Why Migraine Stigma is Such a Headache.

I feel bad for bench scientists. Nobody is making a prime-time documentary about their lives.

Luckily, some people still aspire to work in the unglamourous and very important field of research science.

Ruth Kagan, 17, doesn’t look especially nerdy. Wearing a thin, white V-neck T-shirt and a black eyelet skirt, her long brown curls falling down one shoulder, Kagan looks like the average high-schooler. But this girl loves science with a fiery passion. Particularly the science of migraines.

Though Kagan herself doesn’t get migraines, almost every other female relative on her mother’s side suffers, including Kagan’s 19-year-old sister, Joan. Seeing how much pain her sister endures motivated Kagan to start studying migraines two years ago as an independent research project at her high school.

This summer, in addition to taking a full course load at Harvard Summer School, Kagan is researching migraines at Beth Israel Hospital in Boston and starting a migraine blog. She’s hoping that she can use her blog to dispel some of the stigma Joan faces.

“Her doctor basically told her to buck up,” Kagan said, shocked that one of Joan’s pediatricians was so dismissive of her sister’s pain. Kagan thinks migraine medication advertisements are also part of the problem, portraying migraine suffers as “whiny women.”

One of the reasons the stigma might exist is the same reason Kagan is so interested–migraine suffers experience everyday environments completely differently than non-suffers. Whether it’s painfully bright overhead lights (photophobia) or excruciating water pressure in the shower (cutaneous allodynia), the things that some migraine suffers find unendurable can leave non-sufferers shrugging their shoulders, wondering what the problem is.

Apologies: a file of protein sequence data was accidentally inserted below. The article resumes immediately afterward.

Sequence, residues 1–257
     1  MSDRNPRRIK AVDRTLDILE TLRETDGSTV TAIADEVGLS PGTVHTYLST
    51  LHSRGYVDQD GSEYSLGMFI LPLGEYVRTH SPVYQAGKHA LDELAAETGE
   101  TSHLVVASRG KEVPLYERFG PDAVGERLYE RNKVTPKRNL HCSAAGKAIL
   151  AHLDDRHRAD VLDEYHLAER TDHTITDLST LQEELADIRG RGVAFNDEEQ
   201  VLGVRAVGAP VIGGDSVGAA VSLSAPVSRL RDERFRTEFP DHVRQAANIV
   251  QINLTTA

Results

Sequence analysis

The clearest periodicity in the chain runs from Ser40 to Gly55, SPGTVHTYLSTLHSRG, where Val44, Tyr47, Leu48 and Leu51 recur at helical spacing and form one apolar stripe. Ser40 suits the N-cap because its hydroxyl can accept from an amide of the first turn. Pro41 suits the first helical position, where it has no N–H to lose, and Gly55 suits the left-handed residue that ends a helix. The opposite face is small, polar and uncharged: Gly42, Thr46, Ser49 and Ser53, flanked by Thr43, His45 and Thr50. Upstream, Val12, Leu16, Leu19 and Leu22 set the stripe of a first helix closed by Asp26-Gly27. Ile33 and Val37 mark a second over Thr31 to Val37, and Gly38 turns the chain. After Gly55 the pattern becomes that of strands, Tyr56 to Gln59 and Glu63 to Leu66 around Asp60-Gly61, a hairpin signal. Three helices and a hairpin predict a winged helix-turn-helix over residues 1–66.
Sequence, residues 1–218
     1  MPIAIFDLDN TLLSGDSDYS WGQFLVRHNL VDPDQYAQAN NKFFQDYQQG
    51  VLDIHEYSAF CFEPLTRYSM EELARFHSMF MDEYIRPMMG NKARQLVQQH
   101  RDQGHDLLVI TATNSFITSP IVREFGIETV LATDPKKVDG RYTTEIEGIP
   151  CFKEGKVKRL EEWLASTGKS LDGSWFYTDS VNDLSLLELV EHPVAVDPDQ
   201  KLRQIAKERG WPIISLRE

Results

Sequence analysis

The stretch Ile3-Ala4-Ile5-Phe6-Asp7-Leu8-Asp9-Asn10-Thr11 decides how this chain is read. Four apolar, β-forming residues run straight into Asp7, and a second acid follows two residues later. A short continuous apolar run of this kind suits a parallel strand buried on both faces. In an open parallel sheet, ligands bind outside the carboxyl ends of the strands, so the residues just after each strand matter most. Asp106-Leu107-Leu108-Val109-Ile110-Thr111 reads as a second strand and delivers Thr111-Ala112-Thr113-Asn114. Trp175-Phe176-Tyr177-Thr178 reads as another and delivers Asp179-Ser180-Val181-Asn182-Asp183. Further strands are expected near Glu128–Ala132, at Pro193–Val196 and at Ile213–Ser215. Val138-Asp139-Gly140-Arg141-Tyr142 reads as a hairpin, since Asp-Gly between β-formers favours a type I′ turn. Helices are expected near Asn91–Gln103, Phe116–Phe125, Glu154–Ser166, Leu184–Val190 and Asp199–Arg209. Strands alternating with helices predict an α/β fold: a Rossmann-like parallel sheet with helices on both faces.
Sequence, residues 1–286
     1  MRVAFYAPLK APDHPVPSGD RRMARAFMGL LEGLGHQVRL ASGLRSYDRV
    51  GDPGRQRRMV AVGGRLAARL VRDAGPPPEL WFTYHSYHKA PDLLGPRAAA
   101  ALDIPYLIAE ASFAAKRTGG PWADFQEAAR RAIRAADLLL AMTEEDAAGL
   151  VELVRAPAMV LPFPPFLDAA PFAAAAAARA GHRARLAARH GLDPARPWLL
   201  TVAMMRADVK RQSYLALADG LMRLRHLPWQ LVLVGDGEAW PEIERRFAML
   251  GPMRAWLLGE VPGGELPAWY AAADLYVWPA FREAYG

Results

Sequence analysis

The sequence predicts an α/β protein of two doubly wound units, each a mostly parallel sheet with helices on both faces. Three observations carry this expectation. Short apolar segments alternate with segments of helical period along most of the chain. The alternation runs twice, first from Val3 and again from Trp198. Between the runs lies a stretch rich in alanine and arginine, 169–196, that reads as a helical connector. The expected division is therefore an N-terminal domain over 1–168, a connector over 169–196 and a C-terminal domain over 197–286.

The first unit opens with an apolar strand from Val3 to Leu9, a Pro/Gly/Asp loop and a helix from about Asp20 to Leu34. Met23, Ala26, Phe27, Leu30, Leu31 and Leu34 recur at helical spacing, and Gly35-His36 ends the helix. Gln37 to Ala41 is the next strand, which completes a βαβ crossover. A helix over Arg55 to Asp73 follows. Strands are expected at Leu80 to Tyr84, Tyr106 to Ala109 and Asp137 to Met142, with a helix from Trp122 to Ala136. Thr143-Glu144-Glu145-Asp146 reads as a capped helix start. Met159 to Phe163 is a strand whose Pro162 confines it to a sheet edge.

Kagan wants to use her blog to help other people understand that migraine is physiological, not psycological. She plans to make the science as accessible and laymen-friendly as possible by incorporating personal anecdotes with research in her posts and by making the layout as visually appealing as possible.

If Kagan presents her blog as well as she presents herself, getting readers shouldn’t be a problem.


One thought on “Why Migraine Stigma is Such a Headache.

  1. I find this really interesting because as a non-migraine sufferer I always thought it was dumb that people had to leave work or cancel prior engagements because of what I saw as “just a headache”. One day I got a migraine and was in excruciating headache and realized that this is a real problem and could completely understand why somebody would miss work because of it.

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